By: Krista Robinson
The Child Care Advocacy Association of Canada advocates for a national child care system, supported and funded by both the provincial/territorial and federal governments. Earlier this year, with the support of many Canadian organizations, they started the Vote Child Care 2015 campaign to call on the next federal government to make high-quality, affordable childcare a priority, and accessible to all. Following up on last week’s post on #elxn42 and child care, we spoke to Lyndsay Macdonald, National Coordinator for the CCAAC, about what our next federal leader needs to do to implement an effective child care system.
Q: What was your role in beginning the Vote Child Care 2015 campaign?
A: Planning for the VCC 2015 campaign began last November during the Child Care 2020 conference in Winnipeg where over 600 delegates gathered to discuss the current state of early childhood education and child care (ECEC) in Canada. A focus of that conference was a move from research to action, in which we brainstormed what we wanted in a national campaign and how the various “players” would collaborate and contribute to an election campaign for child care. My primary duties were to organize a steering committee to work closely on the campaign, to form a larger reference group with the broader ECEC sector and to hire a campaign organizer to help us pull it off. The VCC campaign works with just about anyone who wants to get involved and our local organizers across Canada have reached out to school board trustees, city councillors and other stakeholders/community leaders to join us in our call for a national child care program.
Q: What is the biggest problem with Canada’s child care system? And how does this impact Canadians of all backgrounds, beliefs and socio-economic levels?
A: Carolyn Ferns and Jane Beach discuss how “a deeply entrenched neoliberal approach to social policy at the federal level and in many provinces has left child care twisting in the wind. And we have seen the total absence of the federal government from child care.” Perhaps the first step to correcting this major issue is for the federal and provincial/territorial governments to recognize ECEC as a public good and to fund it and plan for it accordingly – this requires a serious commitment from all levels of government in Canada. In 2004/05 the federal government introduced plans to develop a national child care program. The federal government and provincial and territorial governments worked to sign bilateral agreements which included substantial public funding, policy commitments and common principles such as quality, universally inclusive, accessible and child care programs that are developmentally focused (known as the QUAD principles). In 2006, Harper announced that the government would abandon those agreements and that it would instead introduce the Universal Child Care Benefit of $100 dollars a month per child 0-6 years of age (recently expanded to $160/month for children 0-6 and $60/month for children 7-17). I personally believe that it comes down to political will and also how Canadians value care work and the essential role that it plays in our society. The current patchwork of early childhood education and child care services impacts all Canadians – whether or not we have children of our own. Of course the lack of affordable quality child care impacts some groups more, parents of children with disabilities or special needs can face immense hardships in trying to find suitable child care to meet their child’s needs. Indigenous communities have limited access to early childhood education and family resource programs that support the cultural teachings and practices of the community with programs that foster the physical, social, intellectual and spiritual development of children.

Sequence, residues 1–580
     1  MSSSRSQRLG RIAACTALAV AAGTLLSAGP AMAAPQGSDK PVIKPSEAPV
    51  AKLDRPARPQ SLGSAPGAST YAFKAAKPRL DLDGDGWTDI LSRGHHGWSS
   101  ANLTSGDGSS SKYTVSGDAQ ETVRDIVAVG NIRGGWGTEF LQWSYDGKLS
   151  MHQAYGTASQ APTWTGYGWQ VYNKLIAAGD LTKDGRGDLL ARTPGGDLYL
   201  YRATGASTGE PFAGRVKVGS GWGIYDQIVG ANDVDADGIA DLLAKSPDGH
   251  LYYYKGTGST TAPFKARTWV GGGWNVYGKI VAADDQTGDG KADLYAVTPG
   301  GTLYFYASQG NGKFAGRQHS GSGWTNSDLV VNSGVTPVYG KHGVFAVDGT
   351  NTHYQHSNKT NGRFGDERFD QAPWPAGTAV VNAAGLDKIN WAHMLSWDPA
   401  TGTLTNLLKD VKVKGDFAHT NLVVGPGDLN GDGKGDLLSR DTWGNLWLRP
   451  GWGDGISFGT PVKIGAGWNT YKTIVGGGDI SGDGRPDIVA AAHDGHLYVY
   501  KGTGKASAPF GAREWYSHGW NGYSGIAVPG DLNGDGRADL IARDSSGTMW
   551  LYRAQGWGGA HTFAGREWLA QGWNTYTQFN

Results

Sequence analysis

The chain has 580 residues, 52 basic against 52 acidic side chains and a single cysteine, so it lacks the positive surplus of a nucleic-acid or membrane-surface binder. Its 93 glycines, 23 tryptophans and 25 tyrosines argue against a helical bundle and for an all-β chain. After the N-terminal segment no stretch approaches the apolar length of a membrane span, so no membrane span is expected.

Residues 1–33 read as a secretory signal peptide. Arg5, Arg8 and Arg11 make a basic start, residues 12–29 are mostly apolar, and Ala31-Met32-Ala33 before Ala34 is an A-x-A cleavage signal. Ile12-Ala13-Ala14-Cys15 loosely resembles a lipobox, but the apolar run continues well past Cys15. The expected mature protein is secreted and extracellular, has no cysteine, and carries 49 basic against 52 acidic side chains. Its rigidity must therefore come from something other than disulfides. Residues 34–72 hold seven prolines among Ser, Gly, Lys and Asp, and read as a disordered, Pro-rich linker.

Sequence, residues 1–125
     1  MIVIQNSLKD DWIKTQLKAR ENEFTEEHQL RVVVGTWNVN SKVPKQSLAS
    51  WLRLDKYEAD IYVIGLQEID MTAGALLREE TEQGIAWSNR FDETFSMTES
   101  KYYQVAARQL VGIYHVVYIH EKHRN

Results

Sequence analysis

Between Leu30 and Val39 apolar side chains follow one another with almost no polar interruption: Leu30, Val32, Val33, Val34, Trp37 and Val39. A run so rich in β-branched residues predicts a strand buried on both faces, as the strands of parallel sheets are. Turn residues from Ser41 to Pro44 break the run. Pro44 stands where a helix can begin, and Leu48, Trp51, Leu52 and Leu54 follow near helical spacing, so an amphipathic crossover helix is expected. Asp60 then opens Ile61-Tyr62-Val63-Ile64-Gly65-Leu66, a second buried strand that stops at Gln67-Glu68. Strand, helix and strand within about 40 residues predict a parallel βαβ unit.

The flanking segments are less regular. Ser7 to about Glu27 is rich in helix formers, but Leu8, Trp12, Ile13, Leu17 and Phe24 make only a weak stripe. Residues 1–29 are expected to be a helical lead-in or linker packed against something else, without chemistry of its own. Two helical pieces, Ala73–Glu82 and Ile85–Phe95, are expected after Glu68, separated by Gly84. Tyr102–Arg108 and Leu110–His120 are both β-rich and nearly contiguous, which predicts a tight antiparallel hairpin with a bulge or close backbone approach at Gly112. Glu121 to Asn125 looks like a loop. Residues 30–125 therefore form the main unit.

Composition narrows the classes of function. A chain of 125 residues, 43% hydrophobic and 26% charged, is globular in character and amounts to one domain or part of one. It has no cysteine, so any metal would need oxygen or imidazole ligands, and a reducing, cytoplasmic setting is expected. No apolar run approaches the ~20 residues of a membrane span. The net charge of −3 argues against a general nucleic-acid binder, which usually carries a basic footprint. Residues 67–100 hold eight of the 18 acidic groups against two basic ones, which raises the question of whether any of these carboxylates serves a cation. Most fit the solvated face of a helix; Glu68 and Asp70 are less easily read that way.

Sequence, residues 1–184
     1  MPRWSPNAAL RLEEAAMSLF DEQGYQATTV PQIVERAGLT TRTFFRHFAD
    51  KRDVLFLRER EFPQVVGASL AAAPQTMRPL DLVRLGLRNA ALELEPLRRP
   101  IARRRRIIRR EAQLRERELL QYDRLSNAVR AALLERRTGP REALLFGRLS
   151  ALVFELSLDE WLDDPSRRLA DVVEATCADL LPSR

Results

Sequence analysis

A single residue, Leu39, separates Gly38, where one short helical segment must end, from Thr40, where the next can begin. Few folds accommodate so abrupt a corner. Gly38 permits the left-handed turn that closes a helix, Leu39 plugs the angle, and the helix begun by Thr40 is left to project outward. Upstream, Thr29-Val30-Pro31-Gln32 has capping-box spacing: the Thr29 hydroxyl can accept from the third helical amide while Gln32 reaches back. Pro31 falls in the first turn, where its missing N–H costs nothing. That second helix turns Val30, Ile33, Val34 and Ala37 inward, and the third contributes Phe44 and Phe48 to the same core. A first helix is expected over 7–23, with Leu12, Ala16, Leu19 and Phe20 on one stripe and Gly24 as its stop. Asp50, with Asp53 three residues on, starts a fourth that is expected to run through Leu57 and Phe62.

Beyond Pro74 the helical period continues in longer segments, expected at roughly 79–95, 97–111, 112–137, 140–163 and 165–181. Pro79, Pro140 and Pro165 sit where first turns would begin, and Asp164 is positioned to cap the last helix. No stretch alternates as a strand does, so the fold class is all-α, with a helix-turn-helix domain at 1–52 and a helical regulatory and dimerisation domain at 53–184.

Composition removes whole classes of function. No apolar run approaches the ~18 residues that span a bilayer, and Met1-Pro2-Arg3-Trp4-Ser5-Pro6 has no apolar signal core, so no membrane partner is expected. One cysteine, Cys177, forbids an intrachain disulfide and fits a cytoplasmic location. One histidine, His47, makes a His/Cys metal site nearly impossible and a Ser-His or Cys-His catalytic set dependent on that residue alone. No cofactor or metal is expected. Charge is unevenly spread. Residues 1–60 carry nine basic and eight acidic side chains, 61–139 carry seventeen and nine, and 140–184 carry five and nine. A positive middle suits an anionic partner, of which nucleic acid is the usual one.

Q: What do the federal, provincial/territorial, and municipal levels of government need to do, cooperatively, to implement ECEC by 2020?
A: If we look at the provinces and territories across Canada we can observe that many have taken significant steps towards improving the ECEC sector. To us in the child care movement we believe that this is the most opportune time to have the federal government come to the table ready to work with provincial and territorial governments to support a comprehensive national program. The federal government needs to make a commitment to Canada’s children and families to build a national child care program anchored by a comprehensive policy framework, long-term sustained funding, benchmarks, and evaluation. This needs to happen in cooperation with provincial/territorial levels of government who then need to work out comprehensive provincial policy to support local levels of government to grow and sustain child care systems. It requires careful policy planning that pulls in experts in the field including researchers, academics, parents and early childhood educators who have real on the ground experience of the essential elements that make quality child care programs work. What we have seen is that 3 of the 4 major political parties have released child care platforms this election, each one with promises to support Canadian families with better child care. We are optimistic and we believe that the VCC2015 campaign has been successful in keeping child care on the political agenda and on the minds of voters.